Every package has a GUID associated with it, which stands for Globally Unique Identifier. Every package has a GUID generated for it when it is saved. This GUID can then serve to identify different version of the same package, or to differentiate between packages. The GUID takes into account the time and other information in generating a 128-bit ID, so you can be sure that no two GUID's will ever be alike through pure chance. There are 2128 = 2.4 x 1038 possible GUIDs. I'm sure that's enough to justify not having to worry about the problem. In the process of conforming a package, the new package is given the same GUID as the original package, among other interesting details. They are deemed to be alike for all intents and purposes. We'll see why this in a later section.
When you connect to a server, the process roughly goes like this:
- The server sends ServerPackage list, along with GUIDs for each package.
- The client checks the list in order, trying each download manager until it finds one that it actually has on the client.
- The server checks to see if it this method is allowed, and if so, how. If the user requests Engine.ChannelDownload:
- The server checks to see if the [IpDrv.TcpNetDriver]'s AllowDownloads boolean is true, and doesn't send if it is.
- The server sends the file to the client. This may cause lag for other clients as the bandwidth is spent sending a file to that particular client. The maximum speed at which the file is sent is determined by [IpDrv.TcpNetDriver] -> MaxClientRate.
- If the client cannot download, because the server will not allow the client to download packages, then the client gives up, and fails to connect to the server.
A conformed package is intended to provide network-compatibility between two versions of a package. The way it works is this: Say I release version 1 of my product, and now want to release version 2. If I don't want this new version to prevent unpatched users from playing on patched servers, nor do I want it to prevent upgraded users from playing unpatched servers, then I have to use version conforming. Version conforming lets Unreal pretend the two versions are the same, and allows users of the original package to play with users of the upgraded version. Package conforming requires the original version you wish to conform against, obviously, so it knows how to tell the new version to 'make-believe' that it is the old one. There are two ways to conform a package:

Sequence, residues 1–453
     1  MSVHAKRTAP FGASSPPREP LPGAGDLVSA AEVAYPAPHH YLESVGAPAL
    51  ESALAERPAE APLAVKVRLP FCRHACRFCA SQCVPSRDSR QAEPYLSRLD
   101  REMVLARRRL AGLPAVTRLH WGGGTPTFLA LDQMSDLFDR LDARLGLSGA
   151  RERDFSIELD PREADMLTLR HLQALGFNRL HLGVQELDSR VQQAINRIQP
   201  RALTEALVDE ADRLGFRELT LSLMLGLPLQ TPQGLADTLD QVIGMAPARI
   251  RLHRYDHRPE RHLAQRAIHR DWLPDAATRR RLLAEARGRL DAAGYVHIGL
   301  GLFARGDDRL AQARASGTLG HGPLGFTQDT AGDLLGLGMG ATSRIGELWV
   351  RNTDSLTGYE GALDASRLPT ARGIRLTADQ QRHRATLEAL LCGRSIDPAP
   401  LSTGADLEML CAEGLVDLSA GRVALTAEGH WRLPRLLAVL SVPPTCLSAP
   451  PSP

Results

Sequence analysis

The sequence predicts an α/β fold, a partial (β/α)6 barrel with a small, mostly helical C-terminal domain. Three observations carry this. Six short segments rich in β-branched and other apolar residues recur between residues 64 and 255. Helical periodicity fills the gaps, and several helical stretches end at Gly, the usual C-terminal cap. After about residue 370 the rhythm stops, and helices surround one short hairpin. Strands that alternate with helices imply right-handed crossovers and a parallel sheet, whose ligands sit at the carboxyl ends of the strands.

- Put a copy of the original in a guires directory in your game directory. It should be next to your Binaries directory. Any versions compiled with 'ucc make' will be automatically conformed against the version in guires.
- Compile a copy of the new version of your package. Then use the conform commandlet to conform the package.
There are a few package flags that you will find interesting and necessary. If you want to use your package in net play and allow it to be downloaded to the client, then you must turn on the AllowDownload flag for the package.
Downloading a package with the same name but a different GUID will result in a package mismatch error. This can be resolved by conforming the package with the previous version of that package (and thus creating a new generation). However, the anticheat protection will kick in if the checksum of both packages isn't know to the server.